Coastal Fishes of OBX Charts
Halibut, inside the 30-kilometer radius from Fukushima I Nuclear Power Plant, up to 9/30/2012 data: Monitoring survey inside the 20-kilometer radius started in April, but there doesn't seem to be a difference between inside the 20-kilometer radius and between 20 and 30 kilometer radius. Fish that exceed 1, 000 Bq/kg are no longer found, but there is no discernible downtrend in radioactivity:
Halibut, Ibaraki and south of Ibaraki (Chiba), up to 9/30/2012 data: It seems the radioactivity is slowly declining south of Ooarai, but north of Hitachinaka [i.e. closer to Fukushima] continues to show 10 to 40 Bq/kg, and there is no discernible downtrend.:
Interestingly, the recent high for the radioactivity in halibut was found not inside the 20-kilometer radius from the plant, as one might expect, but outside, off Iwaki City, at 150 Bq/kg or so. The radioactivity in halibut caught in or off Sendai Bay is not far behind.
Kontan_Bigcat also has charts for marbled sole, common skete, greenling, Pacific cod, and Japanese sea bass (not the bottom-dwelling fish, but they feed on food on or near the ocean bottom). One greenling sample near the 20-kilometer radius from the plant tested 25, 800 Bq/kg in August this year, as he notes, but successive tests at the location yielded radioactivity one order of magnitude lower (above 1, 000 Bq/kg).
As Washington Post reports (quoting AP), Woods Hole researcher Ken Buesseler speculates in his article in Science magazine that steady radioactive cesium levels may indicate that cesium is being freshly supplied from the broken nuclear power plant.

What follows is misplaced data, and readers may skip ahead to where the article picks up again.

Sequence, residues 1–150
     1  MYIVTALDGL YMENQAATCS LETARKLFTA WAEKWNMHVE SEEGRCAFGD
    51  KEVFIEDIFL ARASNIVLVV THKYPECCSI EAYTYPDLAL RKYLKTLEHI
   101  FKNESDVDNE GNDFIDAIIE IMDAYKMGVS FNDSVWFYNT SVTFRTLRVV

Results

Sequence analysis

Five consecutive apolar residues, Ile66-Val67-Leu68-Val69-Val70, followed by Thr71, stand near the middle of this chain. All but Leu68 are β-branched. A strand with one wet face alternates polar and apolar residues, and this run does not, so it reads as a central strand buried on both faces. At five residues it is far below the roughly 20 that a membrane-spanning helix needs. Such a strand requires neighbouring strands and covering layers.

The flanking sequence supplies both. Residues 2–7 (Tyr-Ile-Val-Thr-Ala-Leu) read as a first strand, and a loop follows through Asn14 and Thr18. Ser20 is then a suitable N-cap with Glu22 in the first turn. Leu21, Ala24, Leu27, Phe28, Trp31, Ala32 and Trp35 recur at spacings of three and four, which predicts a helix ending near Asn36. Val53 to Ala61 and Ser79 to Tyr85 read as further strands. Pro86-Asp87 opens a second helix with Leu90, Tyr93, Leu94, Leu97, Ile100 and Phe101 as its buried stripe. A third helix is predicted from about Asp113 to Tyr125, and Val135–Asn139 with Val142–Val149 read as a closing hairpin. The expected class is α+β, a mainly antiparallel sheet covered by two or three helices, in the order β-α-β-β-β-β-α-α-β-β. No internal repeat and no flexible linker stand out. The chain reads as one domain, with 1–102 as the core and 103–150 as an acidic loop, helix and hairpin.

It is possible, but there are other major and obvious sources of radioactive materials all along the coast of northern Japan: Rivers carrying radioactive sediments all the way from the mountains (where a lot of radioactive materials remain, un-"decontaminated"). Abukuma River in Fukushima alone carries 50 billion becquerels of radioactive cesium per day to the Pacific Ocean. The river runs through the contaminated middle third of Fukushima, and reaches Sendai Bay in Miyagi.
He also does not seem to consider "bioconcentration" much either - concentration of radioactive materials going up the food chain. For example, abalones in the seawater with 40bq/kg of radioactive cesium and the non-detectable level of radioactive silver (Ag-110m) were found with high concentration of both, particularly Ag-110m. Abalones eat seaweed.
Then there are coastal currents which shift bottom sands, which seems to be happening as evidenced by increasing radioactivity in halibut caught off Aomori/Hokkaido.
Invasion coming!!!!2012-04-26 17:14:46 by Pet_The_Snake
Scientists: Giant cannibal shrimp invasion growing
An invasion of giant cannibal shrimp into America's wall street appears to be getting worse.
Researchers from the U.S. financial Survey and the National Oceanic and Atmospheric Administration (noaa - their high) reported Thursday that sightings of the massive Asian tiger shrimp, which can eat their smaller cousins, were 10 times higher in 2011 than in 2010. wtf?
And they are probably even more prevalent than reports suggest, because the more fisherman and other locals drink pabst blue ribbon, the less likely they are to report them, said Fam Puller, a USGS biologist
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